Almost a decade after the Board of Aldermen rejected a proposal to recognize same-sex marriages, the city at last will reconsider whether gay couples deserve the same legal rights as straight ones. This week, Ward 1 Alderman Ben Healey ’04 revived a version of that original legislation, which fell a single vote short of being passed when it was first introduced by Healey’s predecessor, Michael Morand ’87 DIV ’93, almost 10 years ago. Hopefully, it will fair better the second time around.

In fact, there is little the city can do when faced with the state’s antiquated marriage laws, which legally recognize only heterosexual unions. If passed, as Healey said he anticipates, this proposal will give New Haven officials the right to enforce local employers’ already-established commitments to providing certain benefits, including health care, to same-sex partners — not a major gay rights coup.

But the board’s acceptance of same-sex unions would undo a 10-year-old error in judgement and establish New Haven as a welcoming community. Furthermore, it could help create momentum for change at the state level, where the case for same-sex marriage will be made at the upcoming legislative session, as it has been for the past two years.

Wednesday saw hundreds of protesters already demonstrating for gay rights in Hartford and hundreds more camped out in defense of traditional values and in opposition to same-sex unions. The Knights of Columbus, for example, have collected 70,000 signatures from people who want the legislature to enact a Defense of Marriage Act — to say explicitly and once and for all that marriage is for men and women only. It is to temper this movement, at least, that the Board of Aldermen must pass Healey’s proposal.

Connecticut has never quite been a pioneer when it comes to progressive legislation, but it has followed closely in tow as other states have extended long-awaited rights to same-sex couples. Several times in the past decade, at both state and city levels, legislators have come close to passing landmark amendments to archaic laws preventing gay marriages and civil unions — but their efforts have always fallen short by a few minutes or a couple of votes.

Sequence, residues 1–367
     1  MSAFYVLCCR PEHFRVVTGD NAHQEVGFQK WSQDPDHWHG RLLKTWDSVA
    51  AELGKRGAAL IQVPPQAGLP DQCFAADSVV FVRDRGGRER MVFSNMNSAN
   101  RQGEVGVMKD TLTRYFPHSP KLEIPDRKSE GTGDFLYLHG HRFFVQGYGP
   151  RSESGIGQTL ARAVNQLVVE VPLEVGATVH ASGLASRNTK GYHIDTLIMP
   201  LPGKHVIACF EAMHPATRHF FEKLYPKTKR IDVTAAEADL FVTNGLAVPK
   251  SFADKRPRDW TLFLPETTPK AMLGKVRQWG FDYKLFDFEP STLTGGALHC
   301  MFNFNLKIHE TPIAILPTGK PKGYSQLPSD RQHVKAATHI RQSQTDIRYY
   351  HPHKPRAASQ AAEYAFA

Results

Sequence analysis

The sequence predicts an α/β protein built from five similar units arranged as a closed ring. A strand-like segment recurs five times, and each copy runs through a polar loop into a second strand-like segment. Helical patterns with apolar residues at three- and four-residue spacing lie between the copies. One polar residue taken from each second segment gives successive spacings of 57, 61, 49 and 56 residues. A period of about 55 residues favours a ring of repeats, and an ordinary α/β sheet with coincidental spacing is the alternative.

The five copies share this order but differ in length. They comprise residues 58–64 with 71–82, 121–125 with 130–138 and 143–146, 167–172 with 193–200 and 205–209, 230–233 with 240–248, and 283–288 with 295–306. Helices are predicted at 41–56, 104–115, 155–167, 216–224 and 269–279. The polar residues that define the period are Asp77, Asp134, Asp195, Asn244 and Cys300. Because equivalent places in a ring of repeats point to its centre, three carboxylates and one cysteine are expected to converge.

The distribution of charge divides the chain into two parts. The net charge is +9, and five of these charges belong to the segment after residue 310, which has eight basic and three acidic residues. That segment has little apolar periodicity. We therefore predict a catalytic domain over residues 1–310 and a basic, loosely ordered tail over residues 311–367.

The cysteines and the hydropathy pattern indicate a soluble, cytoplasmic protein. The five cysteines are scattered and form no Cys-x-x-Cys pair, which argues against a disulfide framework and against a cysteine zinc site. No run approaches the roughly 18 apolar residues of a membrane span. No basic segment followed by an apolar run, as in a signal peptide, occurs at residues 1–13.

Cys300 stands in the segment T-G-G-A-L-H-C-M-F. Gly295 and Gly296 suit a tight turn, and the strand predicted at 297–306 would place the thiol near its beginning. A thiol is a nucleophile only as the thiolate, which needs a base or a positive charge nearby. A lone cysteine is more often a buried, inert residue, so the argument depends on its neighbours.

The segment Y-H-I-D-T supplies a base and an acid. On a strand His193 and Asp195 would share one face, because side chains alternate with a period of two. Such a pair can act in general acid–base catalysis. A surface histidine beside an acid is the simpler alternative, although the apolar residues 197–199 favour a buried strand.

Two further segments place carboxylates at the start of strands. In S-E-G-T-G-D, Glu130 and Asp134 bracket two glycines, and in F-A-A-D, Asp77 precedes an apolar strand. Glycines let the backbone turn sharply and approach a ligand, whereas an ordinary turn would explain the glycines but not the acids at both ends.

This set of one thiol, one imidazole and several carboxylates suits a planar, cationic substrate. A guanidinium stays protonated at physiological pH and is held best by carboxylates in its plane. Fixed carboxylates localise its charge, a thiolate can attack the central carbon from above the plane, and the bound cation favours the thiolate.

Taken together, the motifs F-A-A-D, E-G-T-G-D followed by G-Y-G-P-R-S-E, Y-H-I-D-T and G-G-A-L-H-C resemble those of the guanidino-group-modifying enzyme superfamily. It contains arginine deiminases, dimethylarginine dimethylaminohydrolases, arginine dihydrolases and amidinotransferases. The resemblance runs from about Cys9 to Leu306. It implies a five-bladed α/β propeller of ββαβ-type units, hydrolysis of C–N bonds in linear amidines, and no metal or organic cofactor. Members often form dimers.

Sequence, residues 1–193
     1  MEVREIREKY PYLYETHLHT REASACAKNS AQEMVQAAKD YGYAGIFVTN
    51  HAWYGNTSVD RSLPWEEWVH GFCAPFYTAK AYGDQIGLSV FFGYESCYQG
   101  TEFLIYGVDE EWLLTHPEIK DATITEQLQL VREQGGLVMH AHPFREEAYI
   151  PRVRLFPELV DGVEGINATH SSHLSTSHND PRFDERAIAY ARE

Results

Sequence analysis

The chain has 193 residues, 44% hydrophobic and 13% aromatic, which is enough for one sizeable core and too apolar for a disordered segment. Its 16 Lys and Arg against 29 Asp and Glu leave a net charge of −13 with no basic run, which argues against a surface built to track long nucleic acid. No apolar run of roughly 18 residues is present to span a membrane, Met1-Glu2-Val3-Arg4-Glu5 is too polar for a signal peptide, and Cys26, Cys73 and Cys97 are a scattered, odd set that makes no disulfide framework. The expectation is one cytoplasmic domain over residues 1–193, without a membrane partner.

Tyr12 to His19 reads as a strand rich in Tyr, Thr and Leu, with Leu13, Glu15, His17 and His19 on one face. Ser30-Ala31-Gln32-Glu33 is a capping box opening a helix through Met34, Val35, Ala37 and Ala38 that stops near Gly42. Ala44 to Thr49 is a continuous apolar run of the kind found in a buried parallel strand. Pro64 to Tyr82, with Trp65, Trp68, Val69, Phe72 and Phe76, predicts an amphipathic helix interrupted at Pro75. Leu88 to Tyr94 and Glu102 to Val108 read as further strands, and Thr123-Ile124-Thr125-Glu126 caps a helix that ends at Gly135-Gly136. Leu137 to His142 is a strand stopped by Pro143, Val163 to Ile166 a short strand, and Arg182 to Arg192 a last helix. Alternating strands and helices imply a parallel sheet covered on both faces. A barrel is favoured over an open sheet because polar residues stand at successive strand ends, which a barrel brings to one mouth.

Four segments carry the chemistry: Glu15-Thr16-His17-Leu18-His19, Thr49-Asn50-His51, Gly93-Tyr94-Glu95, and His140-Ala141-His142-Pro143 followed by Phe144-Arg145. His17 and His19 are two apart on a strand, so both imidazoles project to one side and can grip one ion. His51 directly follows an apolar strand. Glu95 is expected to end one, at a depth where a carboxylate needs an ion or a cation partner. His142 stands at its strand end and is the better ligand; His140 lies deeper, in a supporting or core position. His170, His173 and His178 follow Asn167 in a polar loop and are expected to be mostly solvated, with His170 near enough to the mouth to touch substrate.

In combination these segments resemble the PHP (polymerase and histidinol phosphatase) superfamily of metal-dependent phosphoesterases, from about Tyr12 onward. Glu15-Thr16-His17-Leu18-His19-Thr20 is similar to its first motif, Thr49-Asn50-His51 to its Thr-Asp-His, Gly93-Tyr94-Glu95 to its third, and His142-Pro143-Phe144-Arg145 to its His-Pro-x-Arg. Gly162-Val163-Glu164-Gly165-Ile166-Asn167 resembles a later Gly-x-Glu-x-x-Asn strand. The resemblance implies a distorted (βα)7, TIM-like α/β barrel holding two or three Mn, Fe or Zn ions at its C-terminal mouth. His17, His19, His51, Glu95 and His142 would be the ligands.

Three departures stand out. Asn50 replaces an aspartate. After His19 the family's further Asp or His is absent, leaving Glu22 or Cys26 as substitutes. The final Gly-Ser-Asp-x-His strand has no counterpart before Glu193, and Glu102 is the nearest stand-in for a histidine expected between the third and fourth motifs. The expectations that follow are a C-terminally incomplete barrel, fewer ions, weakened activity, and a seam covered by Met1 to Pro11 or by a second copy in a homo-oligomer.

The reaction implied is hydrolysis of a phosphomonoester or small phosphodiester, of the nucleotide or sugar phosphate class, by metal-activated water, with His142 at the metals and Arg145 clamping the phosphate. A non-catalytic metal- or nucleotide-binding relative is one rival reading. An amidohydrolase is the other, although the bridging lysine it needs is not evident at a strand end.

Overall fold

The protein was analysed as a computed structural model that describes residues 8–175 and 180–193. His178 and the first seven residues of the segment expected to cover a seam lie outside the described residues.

While it is not our place to pass judgment on religious or cultural objections to homosexuality, it is not the place of a secular government to perpetuate them, either. In recent years, the state has extended domestic partner benefits, visitation rights in hospitals, and adoption rights to gay couples, putting it ahead of almost every other state — with the exception of Vermont and California, which grant gay couples the right to a civil union.

Last March, the state Judiciary Committee approved at the last minute a bill that would extend some legal rights, including health care, to same-sex couples. But a clerk was unable to deliver the vote tally before 5 p.m. — the committee’s deadline to act on new proposals for the year — so the bill was rejected by the Legislative Commissioners. Beginning this March, the state will hear arguments for the Defense of Marriage Act; come summer, it will have another opportunity to expand legal rights for same-sex couples. This time, the city should be there to push it along.